In Edmonton & Northern Alberta
Filing a Consumer Proposal
A consumer proposal is a court-sanctioned process that allows you to negotiate a settlement with your unsecured creditors. It is designed to allow those who cannot afford to pay their debts in full a way to avoid bankruptcy.
For example, if you have $35,000 in unsecured debt (i.e. credit card debts, bank loans, and taxes) and only have $500.00 left each month after your normal living costs, you cannot afford to pay the $1,050 per month minimum payments that would be required. This is the type of situation that a proposal was designed to help with. You could consider making a consumer proposal where you propose to pay the creditors a total of $15,000 over the course of up to a five-year term. In the proposal, you will no interest (this has been frozen by the court), and you end up with one a payment that could be as low as $250.00 per month.
How do You File a Consumer Proposal?
Only a Licensed Insolvency Trustee can file a consumer proposal for you. The first step would be meeting with a proposal administrator at your Trustee’s office. The administrator will assist you in assessing your situation and determining whether or not a proposal will work.
After a detailed review of your finances (i.e. who you owe money to, how much you owe, your monthly cash flow, etc.), the administrator will help you determine what type of offer would be required to satisfy the creditors and whether or not that will fit into your monthly budget. At the same time, the trustee will explain how the proposal process works.
There are fundamental concepts that are essential for you to be familiar with (i.e. voting, the stay of proceedings, etc.). If the numbers appear reasonable for both you and your creditors, the Trustee will help to prepare the documents necessary to file a consumer proposal to creditors.
Who Decides if a Proposal is Acceptable?
For a proposal to be accepted we need to have a majority of the creditors, so there is a formal voting process that takes place. Your unsecured creditors will have 45 days to determine if the proposal is acceptable and as long as we have a majority of the creditors cooperating with the proposal, regardless of which creditors we are dealing with, the consumer proposal is automatically binding on all the creditors involved.
Once the proposal has been accepted by the creditors it is also approved by the court, but this is largely a rubber stamp, as long as the creditors are happy and the proposal has been written properly based on valid information, the court is happy to ratify the creditors’ decision.
Learn how a consumer proposal could work for you!
FREE PROFESSIONAL ADVICE
Goth & Company are here to help. No cost. No obligation.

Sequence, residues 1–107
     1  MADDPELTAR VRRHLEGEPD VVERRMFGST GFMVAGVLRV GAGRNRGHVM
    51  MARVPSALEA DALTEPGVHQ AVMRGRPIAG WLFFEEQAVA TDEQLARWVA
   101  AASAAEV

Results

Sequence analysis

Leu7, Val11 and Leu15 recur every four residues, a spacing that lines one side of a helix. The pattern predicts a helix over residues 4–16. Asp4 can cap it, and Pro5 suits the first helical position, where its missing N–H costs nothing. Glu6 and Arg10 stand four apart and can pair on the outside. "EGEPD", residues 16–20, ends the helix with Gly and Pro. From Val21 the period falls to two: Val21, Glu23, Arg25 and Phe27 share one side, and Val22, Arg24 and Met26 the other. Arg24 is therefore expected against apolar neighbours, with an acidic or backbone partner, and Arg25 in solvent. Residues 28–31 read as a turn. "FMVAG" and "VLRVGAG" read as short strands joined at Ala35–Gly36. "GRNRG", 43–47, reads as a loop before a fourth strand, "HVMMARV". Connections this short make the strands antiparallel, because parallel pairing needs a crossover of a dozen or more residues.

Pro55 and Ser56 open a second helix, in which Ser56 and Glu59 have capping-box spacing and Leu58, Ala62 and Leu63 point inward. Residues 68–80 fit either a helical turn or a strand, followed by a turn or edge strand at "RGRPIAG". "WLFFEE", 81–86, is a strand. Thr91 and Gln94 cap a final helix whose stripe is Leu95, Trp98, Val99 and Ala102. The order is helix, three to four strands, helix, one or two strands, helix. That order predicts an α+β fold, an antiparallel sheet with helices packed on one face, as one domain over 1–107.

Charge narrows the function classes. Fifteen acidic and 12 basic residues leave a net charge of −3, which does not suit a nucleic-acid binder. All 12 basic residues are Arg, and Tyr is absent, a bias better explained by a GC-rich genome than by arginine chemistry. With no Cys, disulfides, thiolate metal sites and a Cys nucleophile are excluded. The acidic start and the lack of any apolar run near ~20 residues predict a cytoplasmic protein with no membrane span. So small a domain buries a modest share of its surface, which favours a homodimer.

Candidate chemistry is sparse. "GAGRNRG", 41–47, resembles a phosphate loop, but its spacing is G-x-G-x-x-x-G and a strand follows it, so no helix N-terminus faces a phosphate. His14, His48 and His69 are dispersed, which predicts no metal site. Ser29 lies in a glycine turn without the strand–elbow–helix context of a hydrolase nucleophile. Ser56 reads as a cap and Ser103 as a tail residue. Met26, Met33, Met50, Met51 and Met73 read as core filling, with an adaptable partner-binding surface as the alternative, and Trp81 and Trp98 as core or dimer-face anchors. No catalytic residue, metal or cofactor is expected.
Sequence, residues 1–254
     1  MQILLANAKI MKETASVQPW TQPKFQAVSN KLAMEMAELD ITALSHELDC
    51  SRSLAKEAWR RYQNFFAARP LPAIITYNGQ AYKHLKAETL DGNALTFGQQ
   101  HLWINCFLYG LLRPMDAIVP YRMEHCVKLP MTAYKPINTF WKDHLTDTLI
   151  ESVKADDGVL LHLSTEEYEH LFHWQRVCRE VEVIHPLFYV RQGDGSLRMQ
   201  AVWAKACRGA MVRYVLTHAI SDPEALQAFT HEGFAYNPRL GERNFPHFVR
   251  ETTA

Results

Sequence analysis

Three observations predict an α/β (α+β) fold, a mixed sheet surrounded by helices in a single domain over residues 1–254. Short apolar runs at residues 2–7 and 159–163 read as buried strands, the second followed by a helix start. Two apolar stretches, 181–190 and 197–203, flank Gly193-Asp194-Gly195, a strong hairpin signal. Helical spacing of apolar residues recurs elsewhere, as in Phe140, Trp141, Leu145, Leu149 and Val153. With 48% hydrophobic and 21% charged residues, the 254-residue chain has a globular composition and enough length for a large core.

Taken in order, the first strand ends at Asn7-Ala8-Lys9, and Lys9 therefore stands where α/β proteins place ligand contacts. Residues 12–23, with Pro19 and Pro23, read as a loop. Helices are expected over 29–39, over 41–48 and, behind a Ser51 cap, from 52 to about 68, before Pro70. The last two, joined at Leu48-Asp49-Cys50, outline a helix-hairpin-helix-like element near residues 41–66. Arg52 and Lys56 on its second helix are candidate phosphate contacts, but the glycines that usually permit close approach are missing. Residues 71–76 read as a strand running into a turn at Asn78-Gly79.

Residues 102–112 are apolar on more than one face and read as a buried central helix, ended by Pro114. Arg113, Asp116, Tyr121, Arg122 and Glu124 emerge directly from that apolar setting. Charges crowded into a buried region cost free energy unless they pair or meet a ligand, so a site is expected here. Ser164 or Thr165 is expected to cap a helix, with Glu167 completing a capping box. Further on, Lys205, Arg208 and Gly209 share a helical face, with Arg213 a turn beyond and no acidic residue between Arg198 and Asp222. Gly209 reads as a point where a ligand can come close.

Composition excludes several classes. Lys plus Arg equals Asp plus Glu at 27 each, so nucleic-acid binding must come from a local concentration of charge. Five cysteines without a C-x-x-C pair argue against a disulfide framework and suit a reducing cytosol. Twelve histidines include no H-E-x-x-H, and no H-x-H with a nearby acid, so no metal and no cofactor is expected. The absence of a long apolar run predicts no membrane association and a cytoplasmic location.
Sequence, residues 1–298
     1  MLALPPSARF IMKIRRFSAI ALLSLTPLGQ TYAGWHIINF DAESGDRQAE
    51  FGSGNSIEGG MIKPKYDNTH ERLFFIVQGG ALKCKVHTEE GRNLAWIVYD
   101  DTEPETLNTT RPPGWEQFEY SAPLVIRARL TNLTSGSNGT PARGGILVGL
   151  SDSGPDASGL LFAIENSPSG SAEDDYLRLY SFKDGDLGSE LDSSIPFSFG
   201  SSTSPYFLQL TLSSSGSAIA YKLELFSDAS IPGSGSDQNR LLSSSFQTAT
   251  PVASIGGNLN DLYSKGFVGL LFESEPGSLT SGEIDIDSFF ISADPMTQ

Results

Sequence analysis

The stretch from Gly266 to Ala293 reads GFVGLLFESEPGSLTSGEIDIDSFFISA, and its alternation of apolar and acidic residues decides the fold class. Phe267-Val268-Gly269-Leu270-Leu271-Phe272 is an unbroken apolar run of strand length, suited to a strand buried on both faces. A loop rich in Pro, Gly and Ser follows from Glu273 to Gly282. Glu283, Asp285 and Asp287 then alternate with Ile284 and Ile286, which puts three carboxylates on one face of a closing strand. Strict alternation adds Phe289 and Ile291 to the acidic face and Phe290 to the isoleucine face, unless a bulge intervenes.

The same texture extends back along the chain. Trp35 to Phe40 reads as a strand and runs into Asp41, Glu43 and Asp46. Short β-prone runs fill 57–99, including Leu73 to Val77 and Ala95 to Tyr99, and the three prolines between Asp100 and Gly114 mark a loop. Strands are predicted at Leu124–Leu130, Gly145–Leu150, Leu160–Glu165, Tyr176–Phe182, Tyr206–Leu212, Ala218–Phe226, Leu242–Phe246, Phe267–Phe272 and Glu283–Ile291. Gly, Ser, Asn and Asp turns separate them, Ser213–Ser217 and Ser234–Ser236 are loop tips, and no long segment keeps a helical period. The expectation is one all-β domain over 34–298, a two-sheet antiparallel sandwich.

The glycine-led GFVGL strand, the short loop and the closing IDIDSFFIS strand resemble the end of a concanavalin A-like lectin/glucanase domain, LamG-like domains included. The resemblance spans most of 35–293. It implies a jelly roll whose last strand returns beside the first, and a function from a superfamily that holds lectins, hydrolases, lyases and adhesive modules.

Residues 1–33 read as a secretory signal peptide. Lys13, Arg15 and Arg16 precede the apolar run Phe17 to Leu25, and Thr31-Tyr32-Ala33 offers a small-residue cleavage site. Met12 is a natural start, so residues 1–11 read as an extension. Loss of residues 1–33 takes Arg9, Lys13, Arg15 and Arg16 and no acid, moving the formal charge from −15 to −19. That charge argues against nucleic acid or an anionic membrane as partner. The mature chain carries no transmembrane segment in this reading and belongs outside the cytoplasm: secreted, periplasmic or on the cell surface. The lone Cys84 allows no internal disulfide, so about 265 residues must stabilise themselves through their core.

See what our clients have to say about their experience with Goth & Company Ltd.
Recent Posts About Consumer Proposals
We continually publish new content based on questions and feedback from our clients and visitors.
A Consumer Proposal or Personal Bankruptcy Will Clear Up My Credit Report Myth or Fact? Several times a week I get calls from individuals (debtors) who believe that if they go through a consumer proposal or personal bankruptcy their debts will be removed from their...
How Often Do Consumer Proposals Get Rejected? And What Happens If They Are? Consumer Proposals get accepted in our office “eventually” at a rate of 95% or better. This means a combination of acceptance by creditors votes by the initial vote 45 days from the...
How Often Do Consumer Proposals Get Accepted? What Happens To Make Them Get Accepted? A consumer proposal offered to creditors has to be approved by a creditors' vote. A vote needs to achieve a majority in value (more than 50%) of creditors voting in favour of the...
Do I Have To Disclose All Debts In A Consumer Proposal Or Bankruptcy? Why It Matters When a consumer proposal or bankruptcy starts there is immediate protection from the collection action of all unsecured creditors against the debtor. To get this protection, certain...
Can I Make A Consumer Proposal To My Creditors By Myself? No, you can’t. But let’s make sure we are both talking about the same thing. If you ask a Licensed Insolvency Trustee (“LIT”) what a consumer proposal is, the LIT will tell you that it is a specific process...
Frequently Asked Questions
Below are commonly asked questions about consumer proposals in Edmonton and in Alberta.
What debts can be included with a consumer proposal?
- Credit cards
- Bank loans
- Tax debt
- Payday loans
- Student loans, in some cases
How do I know if I qualify?
A Licensed Insolvency Trustee can assess whether if you fall under the Federal requirements that must be met to file a consumer proposal.
- Are you able to pay a portion of your debts?
- Is the value of what you own greater than your debts?
- Are your debts less than $250,000?
- Are you able to afford monthly and lump sum payment(s)?
If so, a consumer proposal may be the most cost-effective debt solution for you.
Who can file a consumer proposal?
By law, consumer proposals must be filed by a Licensed Insolvency Trustee (LIT). Our knowledgeable administrating LITs will get all your questions answered and can start your proposal as early as your first appointment if that is what you want. We are here to answer all of your questions and walk you confidently through every step of the process.